LINDSAY ELLIS, (GLWRULQ&KLHI STEPHANIE MCFEETERS, Executive Editor
CARLA LARIN, Publisher MICHAEL RIORDAN, Executive Editor
TAYLOR MALMSHEIMER, Day Managing Editor MADISON PAULY, Evening Managing Editor PRODUCTION EDITORS KATIE MCKAY, Opinion Editor LORELEI YANG, Opinion Editor BRETT DRUCKER, Sports Editor BLAZE JOEL, Sports Editor ASHLEY ULRICH, Arts & Entertainment Editor
SASHA DUDDING, Evening Managing Editor BUSINESS DIRECTORS PIOTR DORMUS, Finance & Strategy Director ELIZABETH MCNALLY, Design Director JASMINE XU, Technology Director GARDINER KREGLOW, Advertising Director
ERIN LANDAU, Mirror Editor MARINA SHKURATOV, Mirror Editor ADITI KIRTIKAR, Dartbeat Editor EMMA MOLEY, Dartbeat Editor TRACY WANG, Photography Editor ALEX BECKER, Multimedia Editor
FRIDAY, JANUARY 31, 2014
THE DARTMOUTH OPINION
NEWS EDITOR: Sean Connolly, LAYOUT EDITOR: Sonia Robiner, TEMPLATING EDITOR: Victoria Nelsen, COPY EDITOR: Kalie Marsicano.
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Ä‚ĆŒĆšĹľĹ˝ĆľĆšĹšĆ?ĆšĆľÄšÄžĹśĆšĆ?ĹśÄžÄžÄšĆšĹ˝Ć‰ĆľĆšĆšĹšĹ?ĹśĹ?Ć?Ĺ?ĹśĆ‰ÄžĆŒĆ?Ć‰ÄžÄ?Ć&#x;Ç€ÄžÍ˜ As I handed in my chemistry exam on Tuesday night, I took one last look at the small portion of the class that remained, and I must say, I have not seen a more depressed group of people in the year and a half that Iâ€™ve been at Dartmouth. My classmatesâ€™ characteristic passion and determination was now more distant than Lebron Jamesâ€™s hairline. Seriously, the desolate look on the faces of the 15 or so students left was akin to the facial expression of Silly Rabbit after his Trix had been stolen. I walked out of the exam, checked my phone and saw a text from my mom. â€œHowâ€™d the exam go?â€? â€œHowâ€™d the Vietnam War go, mom?â€? She didnâ€™t deserve that text, and I didnâ€™t send it. (Honestly, I only thought of it afterwards, but I plan on saving it for next time.) But the exam felt like the Bay of Pigs all over again. Just before I left, I walked over to a freshman with tears running down her face, and I said, â€œHey, I didnâ€™t do well either. Donâ€™t worry too much.â€? I told her that it didnâ€™t matter, that it was just one test, that it would have no impact on her future and that it would all be okay. And I truly meant it, but she didnâ€™t seem to understand where I was coming from. She was too busy worrying about getting into medical school and becoming a doctor â€” and how this one test was going to crush all of her dreams. In reality, if she wants to be a doctor, then an introductory chemistry exam will not stop her. She did not seem to grasp that, and she wasnâ€™t alone. Many of my classmates are still blowing a gasket over the exam. Not only are they shvitzing over a grade that they have not even received, but even if they had, thereâ€™s nothing they can do about it now. Just move on and do better next time. Itâ€™s easy to understand why students are so hard on themselves. In todayâ€™s world, and especially at an Ivy League college, there is so much pressure to succeed, whether this XZM[ZMQ[[MTNQVĂ†QK\MLXIZMV\ITWZ[WKQM\IT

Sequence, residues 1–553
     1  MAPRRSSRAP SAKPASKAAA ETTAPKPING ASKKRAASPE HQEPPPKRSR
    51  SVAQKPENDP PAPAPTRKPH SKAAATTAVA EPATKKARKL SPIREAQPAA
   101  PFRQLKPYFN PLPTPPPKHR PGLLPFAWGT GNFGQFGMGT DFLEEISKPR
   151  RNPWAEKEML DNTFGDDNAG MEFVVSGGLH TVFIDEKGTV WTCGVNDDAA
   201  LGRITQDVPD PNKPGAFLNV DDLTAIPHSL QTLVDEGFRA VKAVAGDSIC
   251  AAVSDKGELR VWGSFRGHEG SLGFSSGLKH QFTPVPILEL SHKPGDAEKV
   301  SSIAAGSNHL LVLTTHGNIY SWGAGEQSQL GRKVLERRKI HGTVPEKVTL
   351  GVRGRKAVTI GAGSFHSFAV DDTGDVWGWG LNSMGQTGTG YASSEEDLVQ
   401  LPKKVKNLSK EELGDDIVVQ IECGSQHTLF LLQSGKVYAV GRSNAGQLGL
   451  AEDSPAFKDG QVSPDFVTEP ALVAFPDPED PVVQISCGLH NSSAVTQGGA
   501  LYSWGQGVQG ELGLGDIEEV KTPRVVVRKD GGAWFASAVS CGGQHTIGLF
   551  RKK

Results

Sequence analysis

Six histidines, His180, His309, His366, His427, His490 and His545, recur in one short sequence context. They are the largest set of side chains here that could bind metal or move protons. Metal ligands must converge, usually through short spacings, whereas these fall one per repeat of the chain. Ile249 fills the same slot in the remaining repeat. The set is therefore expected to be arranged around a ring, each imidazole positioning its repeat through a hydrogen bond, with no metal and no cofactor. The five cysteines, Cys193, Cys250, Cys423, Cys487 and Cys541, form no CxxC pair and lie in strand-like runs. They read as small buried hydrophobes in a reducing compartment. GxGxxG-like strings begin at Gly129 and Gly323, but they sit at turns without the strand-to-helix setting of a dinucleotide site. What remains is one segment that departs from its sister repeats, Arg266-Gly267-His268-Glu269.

Everyone is worried about his or her future, and rightfully so. I mean, who can blame anyone for wanting to consistently perform his or her best? Itâ€™s admirable. It really is. But itâ€™s also not the end of the world if you perform poorly on an exam every once in a while. Yes, you should strive to succeed and do your best in everything you do, but there is no need to break down over a nearly meaningless test. One exam in one class in the larger context of our four years of college will have VW[QOVQĂ…KIV\QUXIK\WV\PMW]\KWUM[WN W]Z lives. If you studied your hardest and did your best, thatâ€™s all you can do. Besides, Cs get degrees, right? I recently had a friend tell me that Chem 5 was the hardest, most frustrating class she has taken at Dartmouth. But she also said that it was the best thing that ever happened to her, because she is more â€œchillâ€? now. Sometimes we all need to â€œchillâ€? and realize that one bad grade, or one good grade for that matter, is VW\OWQVO\W[QOVQĂ…KIV\TaQUXIK\W]ZN]\]ZM[ I want to be careful here. I am not saying that getting in the habit of failing is okay, because it is most certainly not. Nor am I saying that you should strive for Cs â€” that was a joke. What I really meant was that D stands for diploma. Just kidding. In all seriousness, what I am trying to say is donâ€™t stress the little things. You can do better next time, but worrying is only going to make you more frustrated and less productive. Think about the long run. Think about what real impact one test will have on the rest of your life. Whatâ€™s the worst thing that could happen? Maybe you withdraw from the class, maybe your GPA drops one-tenth or two-tenths of a point or maybe you even change your major. Chances are you wonâ€™t even need that class in your future profession. Itâ€™s one bad grade, not a bad life. Itâ€™s perfectly all right to relax a little bit and take some of the pressure off. And if Iâ€™m wrong? Well, Iâ€™m just some 20-year-old kid with a computer, what do I know?